Professor Maya Mincheva 11/19/2013

Dynamic instabilities of
biochemical reaction networks

Dr. Maya Mincheva
Northern Illinois University

Date: 11/19/2013
Time: 2:30 - 3:30
Place: 315 Armstrong Hall

Interactions of complex networks of genes, proteins and enzymes play a central role in modern cellular biology.
The talk will focus on mathematical models for biochemical reaction networks, which are usually modeled as
large systems of coupled nonlinear dierential equations with many unknown parameters. First we will give
overview of the history of the problem. Then we will describe current eorts to relate the dynamic behavior
of the dierential equations models to the topology of the corresponding biochemical networks. Examples
of models of multistability, oscillations and Turing instability (pattern formation) will be given.

Date, Location: 

Dr. Rosemary Braun 10/29/2013

Hearing the Shape of Life: A Spectral Graph Theoretic Approach
for the Analysis of Gene Regulatory Networks

Dr. Rosemary Braun

Date: 10/29/2013
Time: 3:30 - 4:30
Place: 315 Armstrong Hall

High-throughput genome-wide assays have become a ubiquitous tool
of modern biology, yielding detailed measurements of the genetic
sequence, epigenetic modifications, and expression level of thousands
of genes in each sample. However, because most phenotypes of
interest are complex (i.e., driven by networks of interactions
rather than individual genes), there is a need for analytical
techniques that can articulate differences between samples based
on multi-gene expression profiles and reveal systems-level differences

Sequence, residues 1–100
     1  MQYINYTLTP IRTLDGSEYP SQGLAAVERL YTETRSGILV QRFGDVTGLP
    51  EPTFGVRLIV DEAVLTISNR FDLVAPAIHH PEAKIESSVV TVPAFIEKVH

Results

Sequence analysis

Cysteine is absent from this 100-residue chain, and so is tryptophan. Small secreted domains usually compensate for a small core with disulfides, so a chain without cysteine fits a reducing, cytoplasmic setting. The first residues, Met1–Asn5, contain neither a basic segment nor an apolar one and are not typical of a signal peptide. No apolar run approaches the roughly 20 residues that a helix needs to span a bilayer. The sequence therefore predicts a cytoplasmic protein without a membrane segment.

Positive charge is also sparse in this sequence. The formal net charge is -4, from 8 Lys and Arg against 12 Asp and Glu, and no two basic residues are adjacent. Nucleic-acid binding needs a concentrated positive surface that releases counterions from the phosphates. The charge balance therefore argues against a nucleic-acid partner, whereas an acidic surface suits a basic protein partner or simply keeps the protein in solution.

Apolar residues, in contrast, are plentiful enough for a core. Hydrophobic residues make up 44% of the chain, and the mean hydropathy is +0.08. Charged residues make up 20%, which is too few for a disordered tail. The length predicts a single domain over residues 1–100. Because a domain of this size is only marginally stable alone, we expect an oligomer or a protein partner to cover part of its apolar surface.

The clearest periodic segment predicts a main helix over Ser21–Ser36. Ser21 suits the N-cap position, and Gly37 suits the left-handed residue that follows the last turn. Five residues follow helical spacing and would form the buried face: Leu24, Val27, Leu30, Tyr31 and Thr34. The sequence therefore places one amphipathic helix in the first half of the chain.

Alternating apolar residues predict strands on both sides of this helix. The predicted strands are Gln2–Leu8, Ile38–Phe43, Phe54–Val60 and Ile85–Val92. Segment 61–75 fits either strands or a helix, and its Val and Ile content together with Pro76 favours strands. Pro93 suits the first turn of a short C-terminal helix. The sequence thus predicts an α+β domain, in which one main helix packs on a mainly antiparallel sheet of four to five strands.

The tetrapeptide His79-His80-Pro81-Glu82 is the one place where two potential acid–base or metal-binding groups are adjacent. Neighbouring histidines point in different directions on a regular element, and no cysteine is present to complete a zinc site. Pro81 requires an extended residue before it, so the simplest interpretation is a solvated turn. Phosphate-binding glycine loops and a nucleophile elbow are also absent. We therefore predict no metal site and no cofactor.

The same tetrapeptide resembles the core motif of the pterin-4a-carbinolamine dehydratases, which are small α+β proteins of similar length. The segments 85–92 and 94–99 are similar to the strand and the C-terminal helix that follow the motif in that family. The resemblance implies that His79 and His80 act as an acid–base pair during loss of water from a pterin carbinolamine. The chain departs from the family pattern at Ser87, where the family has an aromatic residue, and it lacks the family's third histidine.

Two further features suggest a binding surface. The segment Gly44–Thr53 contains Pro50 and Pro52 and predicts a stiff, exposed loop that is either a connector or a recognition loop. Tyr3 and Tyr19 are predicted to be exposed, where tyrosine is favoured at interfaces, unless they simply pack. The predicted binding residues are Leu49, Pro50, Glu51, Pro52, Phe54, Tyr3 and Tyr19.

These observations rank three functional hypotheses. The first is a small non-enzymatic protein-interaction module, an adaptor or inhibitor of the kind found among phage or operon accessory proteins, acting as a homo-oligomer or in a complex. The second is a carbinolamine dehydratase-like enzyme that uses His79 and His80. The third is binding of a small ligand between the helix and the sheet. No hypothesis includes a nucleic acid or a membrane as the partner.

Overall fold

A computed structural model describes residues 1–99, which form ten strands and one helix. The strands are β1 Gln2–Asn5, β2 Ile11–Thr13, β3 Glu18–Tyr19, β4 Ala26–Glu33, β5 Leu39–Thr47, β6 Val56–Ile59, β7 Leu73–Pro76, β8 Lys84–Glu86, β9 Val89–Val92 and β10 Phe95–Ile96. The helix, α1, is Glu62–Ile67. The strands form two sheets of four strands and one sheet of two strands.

in gene regulation dynamics in the context of known interaction
networks (pathways).

In this talk, I describe a novel method for identifying altered
gene regulatory networks by overlaying experimental measurements
onto the putative topology of the pathway of interest and computing
the graph Laplacian for the resulting graph. Just as the Laplacian
of a physical system (eg, the shape of a drumhead) can be used to
infer dynamical properties (its sound), spectral decomposition of
the graph Laplacian provides a means by which dynamical properties
of the network may be summarized; here, we use the spectrum of the
pathway network to summarize its bulk co-expression behavior.
Spectral graph theory is further used to characterize the effect
of individual gene expression values on the network dynamics. I
will describe the method in detail and demonstrate how our spectral
pathway analysis approach can identify significantly altered systems
without relying on single-gene association statistics, thereby
enabling more accurate classification of samples and yielding
detailed characterizations of the interaction networks that play a
role in the phenotypes of interest. I will also discuss how this
approach may be used to infer dynamical properties of biological
pathways based on "snapshot" gene expression measurements.

Date, Location: 

Professor Mike Plummer 10/10/2013

Matching Extension in Graphs
Embedded in Surfaces

Professor Mike Plummer

Date: 10/10/2013
Time: 4:30pm -5:30pm
Place: 315 Armstrong Hall


Date, Location: 

Dr. Danut Arama 10/7/2013

Absolute minimizers for some
Optimal Transport problems

Dr. Danut Arama